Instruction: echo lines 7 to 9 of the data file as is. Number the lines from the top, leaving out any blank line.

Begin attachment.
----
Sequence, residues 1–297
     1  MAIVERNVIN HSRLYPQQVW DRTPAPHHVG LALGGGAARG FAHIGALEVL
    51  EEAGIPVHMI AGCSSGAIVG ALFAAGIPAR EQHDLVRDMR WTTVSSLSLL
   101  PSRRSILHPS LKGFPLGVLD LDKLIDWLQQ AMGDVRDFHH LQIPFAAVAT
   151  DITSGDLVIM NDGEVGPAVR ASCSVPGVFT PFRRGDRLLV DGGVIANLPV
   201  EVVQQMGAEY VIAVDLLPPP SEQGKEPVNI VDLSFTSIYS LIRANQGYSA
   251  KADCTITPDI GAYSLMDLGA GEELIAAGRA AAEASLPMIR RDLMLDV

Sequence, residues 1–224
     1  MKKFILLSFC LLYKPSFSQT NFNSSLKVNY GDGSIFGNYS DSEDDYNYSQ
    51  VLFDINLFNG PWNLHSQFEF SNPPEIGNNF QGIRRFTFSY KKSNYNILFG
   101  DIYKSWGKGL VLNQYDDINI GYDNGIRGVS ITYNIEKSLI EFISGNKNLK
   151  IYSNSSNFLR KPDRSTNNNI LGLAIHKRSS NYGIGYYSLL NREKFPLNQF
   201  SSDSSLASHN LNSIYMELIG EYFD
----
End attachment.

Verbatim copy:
   251  KADCTITPDI GAYSLMDLGA GEELIAAGRA AAEASLPMIR RDLMLDV

Sequence, residues 1–224
     1  MKKFILLSFC LLYKPSFSQT NFNSSLKVNY GDGSIFGNYS DSEDDYNYSQ